The plaintiff objects to the costs claimed by the defendant for obtaining a copy o f the jury questionnaires from AIM Mail Center in January and April 2008. These costs total $ 2 8 6 .6 4 and include Federal Express and United Postal Service mailing charges. The d e fe n d a n t notes that the reason there are two sets of charges is because the trial date was c h a n g e d in January 2008 upon request of the plaintiff. The defendant then had to repeat the p ro c e s s of obtaining jury questionnaires in April 2008. This court finds that the copying costs fo r the jury questionnaires is a taxable cost. W ith regard to the mailing expenses, "courts h a ve generally not allowed the inclusion of mailing expenses as a taxable cost, absent s p e c ia l circumstances." AM Properties v. Town of Chapel Hill, 202 F.Supp.2d 451, 456 (M.D. N .C . 2002) (citing Matter of Penn Central Transp. Co., 630 F.2d 183, 192 (3d Cir.1980)). The d e fe n d a n t states that the FedEx and UPS charges were necessary because AIM Mail Center d id not prepare the copies until shortly before jury selection was to occur. This court finds the e x p r e s s shipping charges in this case are not such "special circumstances" as to justify ta x a tio n against the plaintiff. Accordingly, the defendant's Bill of Costs will be reduced by $ 4 0 .5 0 . T h e plaintiff objects to the costs of $165.32 for meals and $1,239.52 for travel e x p e n s e s incurred by the defense counsel in attending depositions (including a deposition in Houston, Texas conducted by the plaintiff), conferences, and trial. The defendant cites H e ro ld v. Hajoca Corp., 864 F.2d 317, 323 (4 th Cir. 1988) (holding that trial court did not a b u s e discretion in including as costs the travel expenses of the attorneys) in support of its c la im of attorney travel expenses. However, the court in Herold included travel expenses as p a rt of the attorney fees authorized by statute in the Age Discrimination in Employment Act. Id . By order filed September 16, 2008, this court has previously denied the defendant's m o tio n for attorney fees. This court finds that the travel expenses of $1,239.52 incurred by d e fe n s e counsel is not taxable as a cost against the plaintiff. Further, the $165.32 for meals fo r the defense counsel and their clients is not a taxable cost. Accordingly, the defendant's B ill of Costs will be reduced by $1,404.84.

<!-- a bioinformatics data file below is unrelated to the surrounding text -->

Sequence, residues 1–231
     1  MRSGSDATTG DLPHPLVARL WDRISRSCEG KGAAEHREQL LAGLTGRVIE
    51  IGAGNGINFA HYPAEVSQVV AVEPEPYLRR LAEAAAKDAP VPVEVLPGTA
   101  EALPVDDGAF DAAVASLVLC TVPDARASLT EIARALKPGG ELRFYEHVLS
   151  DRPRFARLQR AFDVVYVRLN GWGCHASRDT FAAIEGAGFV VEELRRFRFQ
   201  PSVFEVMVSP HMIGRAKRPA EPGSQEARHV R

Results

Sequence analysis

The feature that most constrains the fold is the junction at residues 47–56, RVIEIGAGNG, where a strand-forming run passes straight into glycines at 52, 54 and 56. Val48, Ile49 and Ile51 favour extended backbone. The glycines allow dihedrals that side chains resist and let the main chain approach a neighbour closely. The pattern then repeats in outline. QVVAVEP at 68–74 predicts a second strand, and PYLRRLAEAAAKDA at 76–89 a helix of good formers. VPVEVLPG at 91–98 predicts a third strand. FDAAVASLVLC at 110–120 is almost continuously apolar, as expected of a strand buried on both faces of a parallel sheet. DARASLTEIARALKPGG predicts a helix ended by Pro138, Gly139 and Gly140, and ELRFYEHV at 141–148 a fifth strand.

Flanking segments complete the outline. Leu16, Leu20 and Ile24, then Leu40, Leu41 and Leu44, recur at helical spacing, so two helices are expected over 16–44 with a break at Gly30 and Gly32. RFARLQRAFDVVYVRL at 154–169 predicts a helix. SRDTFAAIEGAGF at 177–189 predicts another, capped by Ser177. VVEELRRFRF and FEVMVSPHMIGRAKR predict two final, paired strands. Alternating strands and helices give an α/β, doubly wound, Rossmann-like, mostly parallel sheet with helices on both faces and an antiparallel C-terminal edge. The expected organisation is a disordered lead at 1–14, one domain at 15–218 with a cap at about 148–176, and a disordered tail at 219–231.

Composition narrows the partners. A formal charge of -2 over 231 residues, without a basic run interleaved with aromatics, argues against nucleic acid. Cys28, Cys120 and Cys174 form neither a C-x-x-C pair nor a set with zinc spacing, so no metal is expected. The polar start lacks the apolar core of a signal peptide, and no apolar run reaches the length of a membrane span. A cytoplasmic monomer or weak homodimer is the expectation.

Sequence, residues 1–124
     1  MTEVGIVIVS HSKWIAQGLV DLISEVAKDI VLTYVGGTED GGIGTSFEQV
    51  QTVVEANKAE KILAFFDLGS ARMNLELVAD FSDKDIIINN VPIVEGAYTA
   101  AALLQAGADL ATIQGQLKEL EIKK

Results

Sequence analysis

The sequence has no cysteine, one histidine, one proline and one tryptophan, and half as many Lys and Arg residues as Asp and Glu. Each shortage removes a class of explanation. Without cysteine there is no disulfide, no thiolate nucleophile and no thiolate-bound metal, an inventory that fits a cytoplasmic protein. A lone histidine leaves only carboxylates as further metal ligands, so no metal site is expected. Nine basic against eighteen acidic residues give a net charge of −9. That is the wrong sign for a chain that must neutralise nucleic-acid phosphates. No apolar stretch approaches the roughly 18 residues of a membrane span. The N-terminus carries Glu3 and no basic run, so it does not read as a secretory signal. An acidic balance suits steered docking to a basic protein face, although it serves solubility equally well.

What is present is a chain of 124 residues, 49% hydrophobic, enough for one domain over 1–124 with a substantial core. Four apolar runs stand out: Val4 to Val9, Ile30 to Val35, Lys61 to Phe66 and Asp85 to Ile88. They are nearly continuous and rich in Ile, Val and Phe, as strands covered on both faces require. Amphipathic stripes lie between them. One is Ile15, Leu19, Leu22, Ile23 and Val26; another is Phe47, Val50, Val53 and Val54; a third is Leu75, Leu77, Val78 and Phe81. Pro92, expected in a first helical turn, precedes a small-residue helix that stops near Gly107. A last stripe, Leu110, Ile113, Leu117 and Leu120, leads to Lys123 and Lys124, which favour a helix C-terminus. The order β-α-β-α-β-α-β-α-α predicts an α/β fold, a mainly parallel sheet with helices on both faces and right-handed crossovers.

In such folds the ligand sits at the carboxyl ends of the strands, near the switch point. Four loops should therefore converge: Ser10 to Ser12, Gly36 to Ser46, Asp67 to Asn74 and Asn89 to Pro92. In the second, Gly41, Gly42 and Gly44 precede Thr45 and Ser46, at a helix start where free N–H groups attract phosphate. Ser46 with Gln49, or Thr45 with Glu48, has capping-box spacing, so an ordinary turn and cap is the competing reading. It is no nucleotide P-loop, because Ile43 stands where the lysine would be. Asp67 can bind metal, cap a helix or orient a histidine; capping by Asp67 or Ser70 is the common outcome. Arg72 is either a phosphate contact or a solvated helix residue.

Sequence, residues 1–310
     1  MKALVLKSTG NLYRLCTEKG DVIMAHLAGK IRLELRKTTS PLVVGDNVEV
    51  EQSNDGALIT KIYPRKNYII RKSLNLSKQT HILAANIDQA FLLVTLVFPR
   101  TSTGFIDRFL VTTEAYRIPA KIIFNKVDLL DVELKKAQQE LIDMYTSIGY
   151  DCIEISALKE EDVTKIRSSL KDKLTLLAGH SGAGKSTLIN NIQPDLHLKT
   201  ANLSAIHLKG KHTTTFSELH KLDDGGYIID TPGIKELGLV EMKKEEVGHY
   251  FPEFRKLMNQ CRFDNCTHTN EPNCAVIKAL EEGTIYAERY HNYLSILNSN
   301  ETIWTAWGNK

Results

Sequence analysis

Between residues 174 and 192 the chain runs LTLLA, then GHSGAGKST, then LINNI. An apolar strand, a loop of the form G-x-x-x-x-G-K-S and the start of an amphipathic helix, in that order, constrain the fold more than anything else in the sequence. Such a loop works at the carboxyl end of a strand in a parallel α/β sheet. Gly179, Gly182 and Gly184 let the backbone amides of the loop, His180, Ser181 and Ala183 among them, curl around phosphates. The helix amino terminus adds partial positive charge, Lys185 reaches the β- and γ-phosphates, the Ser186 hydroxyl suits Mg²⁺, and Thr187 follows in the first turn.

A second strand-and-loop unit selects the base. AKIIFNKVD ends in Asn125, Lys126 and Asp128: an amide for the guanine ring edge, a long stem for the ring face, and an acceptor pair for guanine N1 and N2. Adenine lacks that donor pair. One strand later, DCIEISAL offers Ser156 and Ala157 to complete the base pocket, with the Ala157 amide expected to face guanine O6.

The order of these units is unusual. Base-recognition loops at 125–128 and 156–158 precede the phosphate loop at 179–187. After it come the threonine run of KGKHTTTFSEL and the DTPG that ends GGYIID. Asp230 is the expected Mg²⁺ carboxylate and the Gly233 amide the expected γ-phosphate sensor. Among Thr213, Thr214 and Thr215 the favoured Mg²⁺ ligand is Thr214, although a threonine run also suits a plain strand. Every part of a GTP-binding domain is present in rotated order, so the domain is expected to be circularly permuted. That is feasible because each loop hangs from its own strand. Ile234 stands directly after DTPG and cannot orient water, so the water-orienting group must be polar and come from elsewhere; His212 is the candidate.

T h e plaintiff objects to the cost of $71.87 for Federal Express fees. The d e fe n d a n t notes that Local Civil Rule 54.03(H) specifically states that taxable costs include p o sta g e incidental to the taking of depositions. The defendant contends that the two charges o f $10.57 on February 22, 2007, for items sent to Jim Rivet, and the April 13, 2007, charge o f $11.46 for items sent to the court reporter fall in this category. The defendant provides no in fo rm a tio n as to the charges for $20.14 and $19.13 on November 6, 2006. Accordingly, the d e fe n d a n t's Bill of Costs will be reduced by $39.27. L a s tly, the plaintiff objects to a fee of $40.00 for dictation of notes from Dr. Keith B a rto n , the plaintiff's psychologist. According to the defendant, Dr. Barton provided it with th e plaintiff's psychological records in accordance with the plaintiff's signed authorization. H o w e v e r, the notes were illegible. Therefore, defense counsel had to contact Dr. Barton for c l a r if ic a tio n of the meaning of some of the documents. This court finds that this is not a p ro p e r cost as it appears to be incidental to defense counsel's services, and it does not fall w ith in the definition of "costs" in Section 1920. Accordingly, the Bill of Costs will be reduced b y $40.00. W h e r e f o r e , based upon the foregoing, the defendant's Bill of Costs, which in itia lly requested a sum of $4,432.71, will be reduced by a total of $1,524.61. Accordingly, th e costs recoverable by the defendant and taxed against the plaintiff pursuant to Federal R u le of Civil Procedure 54(d) and 28 U.S.C. § 1920 will be Two Thousand Nine Hundred E ig h t and 10/100 ($2,908.10) Dollars. IT IS SO ORDERED.
s /W illia m M. Catoe U n ite d States Magistrate Judge S e p te m b e r 26, 2008 G r e e n v ille , South Carolina